The Industrial Telecommunications Association, among other trade associations and frequency coordinating companies, realized that new guidelines would be required to assign frequencies among various narrowband and wideband digital and analog facilities. When ITA started talking with TIA about such guidelines, TIA’s years of experience in working on the public safety digital radio standard were applied and expanded in helping to create a blueprint for coordinating frequencies in the spectrum refarming environment.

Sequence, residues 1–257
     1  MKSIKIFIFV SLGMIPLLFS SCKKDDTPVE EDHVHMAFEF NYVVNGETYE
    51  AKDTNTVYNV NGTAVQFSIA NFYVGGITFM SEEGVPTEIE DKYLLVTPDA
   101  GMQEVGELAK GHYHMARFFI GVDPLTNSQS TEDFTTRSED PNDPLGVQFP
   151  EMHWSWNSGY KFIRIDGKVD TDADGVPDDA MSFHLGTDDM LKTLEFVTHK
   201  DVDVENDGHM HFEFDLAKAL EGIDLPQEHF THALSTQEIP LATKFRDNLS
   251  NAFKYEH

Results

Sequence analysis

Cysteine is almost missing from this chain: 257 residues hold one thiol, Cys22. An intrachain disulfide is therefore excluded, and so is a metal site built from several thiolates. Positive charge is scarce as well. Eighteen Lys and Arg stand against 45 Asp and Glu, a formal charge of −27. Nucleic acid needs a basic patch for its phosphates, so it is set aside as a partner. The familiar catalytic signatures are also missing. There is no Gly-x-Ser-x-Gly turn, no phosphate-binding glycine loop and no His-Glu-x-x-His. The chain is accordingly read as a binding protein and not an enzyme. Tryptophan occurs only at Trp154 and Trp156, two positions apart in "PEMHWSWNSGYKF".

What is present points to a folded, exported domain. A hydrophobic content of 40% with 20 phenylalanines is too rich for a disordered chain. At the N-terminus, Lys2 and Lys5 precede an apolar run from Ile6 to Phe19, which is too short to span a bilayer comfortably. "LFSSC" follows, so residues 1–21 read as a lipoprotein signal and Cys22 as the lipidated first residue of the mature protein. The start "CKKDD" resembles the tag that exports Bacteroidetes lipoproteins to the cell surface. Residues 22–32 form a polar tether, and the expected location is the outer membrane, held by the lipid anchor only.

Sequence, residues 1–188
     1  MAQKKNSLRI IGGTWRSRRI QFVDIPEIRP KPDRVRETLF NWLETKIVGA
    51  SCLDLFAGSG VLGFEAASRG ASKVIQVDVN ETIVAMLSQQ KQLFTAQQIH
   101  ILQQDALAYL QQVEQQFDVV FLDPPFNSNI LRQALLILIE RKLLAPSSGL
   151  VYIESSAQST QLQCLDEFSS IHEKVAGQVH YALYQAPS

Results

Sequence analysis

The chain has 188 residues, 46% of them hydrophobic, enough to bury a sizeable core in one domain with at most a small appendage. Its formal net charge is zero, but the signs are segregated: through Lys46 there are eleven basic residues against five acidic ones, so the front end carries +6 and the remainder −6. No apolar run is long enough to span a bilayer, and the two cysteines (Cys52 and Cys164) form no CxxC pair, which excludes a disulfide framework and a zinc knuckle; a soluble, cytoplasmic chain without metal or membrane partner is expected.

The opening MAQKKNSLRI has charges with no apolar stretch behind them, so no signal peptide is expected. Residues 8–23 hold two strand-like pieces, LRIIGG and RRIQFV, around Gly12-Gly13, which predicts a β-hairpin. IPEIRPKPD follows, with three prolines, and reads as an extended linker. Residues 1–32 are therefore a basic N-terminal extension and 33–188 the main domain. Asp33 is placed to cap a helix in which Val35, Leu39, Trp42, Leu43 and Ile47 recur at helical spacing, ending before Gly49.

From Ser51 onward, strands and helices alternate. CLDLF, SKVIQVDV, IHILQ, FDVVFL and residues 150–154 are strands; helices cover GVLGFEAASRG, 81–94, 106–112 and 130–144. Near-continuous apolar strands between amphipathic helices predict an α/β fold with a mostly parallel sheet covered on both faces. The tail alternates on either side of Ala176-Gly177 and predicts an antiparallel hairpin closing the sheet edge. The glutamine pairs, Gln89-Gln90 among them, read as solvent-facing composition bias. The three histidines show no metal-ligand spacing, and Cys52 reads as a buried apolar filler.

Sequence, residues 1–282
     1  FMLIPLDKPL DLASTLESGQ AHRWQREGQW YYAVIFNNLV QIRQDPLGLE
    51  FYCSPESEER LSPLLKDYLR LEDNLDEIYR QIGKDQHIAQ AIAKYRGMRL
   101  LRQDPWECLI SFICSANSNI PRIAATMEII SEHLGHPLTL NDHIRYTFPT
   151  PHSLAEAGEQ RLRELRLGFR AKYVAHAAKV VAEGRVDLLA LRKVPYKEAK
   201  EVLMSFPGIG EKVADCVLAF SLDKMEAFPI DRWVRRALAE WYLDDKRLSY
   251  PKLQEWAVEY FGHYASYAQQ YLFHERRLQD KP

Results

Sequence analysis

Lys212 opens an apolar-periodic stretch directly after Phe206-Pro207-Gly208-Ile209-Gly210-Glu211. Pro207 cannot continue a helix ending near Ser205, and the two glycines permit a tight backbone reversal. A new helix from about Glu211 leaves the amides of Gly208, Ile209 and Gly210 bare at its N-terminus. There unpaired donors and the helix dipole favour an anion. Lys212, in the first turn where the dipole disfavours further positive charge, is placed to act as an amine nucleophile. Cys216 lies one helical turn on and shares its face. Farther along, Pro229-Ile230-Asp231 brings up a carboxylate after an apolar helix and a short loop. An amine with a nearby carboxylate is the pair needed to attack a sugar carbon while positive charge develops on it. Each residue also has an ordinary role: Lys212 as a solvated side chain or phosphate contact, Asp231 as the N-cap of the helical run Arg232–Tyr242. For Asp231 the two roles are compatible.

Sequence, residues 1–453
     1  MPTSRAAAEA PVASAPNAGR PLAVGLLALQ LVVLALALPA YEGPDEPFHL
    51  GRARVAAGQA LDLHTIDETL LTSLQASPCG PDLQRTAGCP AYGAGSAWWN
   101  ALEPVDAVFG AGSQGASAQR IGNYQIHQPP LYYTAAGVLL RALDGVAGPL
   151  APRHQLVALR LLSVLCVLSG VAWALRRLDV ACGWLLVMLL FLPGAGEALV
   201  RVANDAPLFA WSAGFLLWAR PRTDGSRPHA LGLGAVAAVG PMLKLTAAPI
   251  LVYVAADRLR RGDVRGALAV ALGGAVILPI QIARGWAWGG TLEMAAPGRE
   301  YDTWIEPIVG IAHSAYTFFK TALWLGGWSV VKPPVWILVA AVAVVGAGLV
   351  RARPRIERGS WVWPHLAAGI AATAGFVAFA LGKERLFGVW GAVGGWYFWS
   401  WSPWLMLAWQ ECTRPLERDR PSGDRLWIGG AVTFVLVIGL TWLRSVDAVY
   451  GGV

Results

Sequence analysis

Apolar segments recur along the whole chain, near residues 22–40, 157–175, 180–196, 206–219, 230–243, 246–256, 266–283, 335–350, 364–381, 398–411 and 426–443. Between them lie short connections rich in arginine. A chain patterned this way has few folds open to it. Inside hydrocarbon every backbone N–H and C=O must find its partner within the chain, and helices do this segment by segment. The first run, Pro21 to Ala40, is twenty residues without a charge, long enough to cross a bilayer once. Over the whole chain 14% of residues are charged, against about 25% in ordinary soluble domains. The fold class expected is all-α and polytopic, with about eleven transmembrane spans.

Joint TIA-IEEE project Working together with the Institute of Electrical and Electronics Engineers’ (IEEE) Vehicular Technology Society (VTS) propagation committee, among other participants, the TIA’s working group on technology compatibility (designated WG 8.8) set about to create a document that frequency coordinators, system designers and manufacturers could use to place new radio communications systems within the radio spectrum and within geographic areas for the best results. Actually, the document will serve as a basis for writing computer software to automate the processing of license applications using system specifications and terrain data in ways that pre-computer methods could not.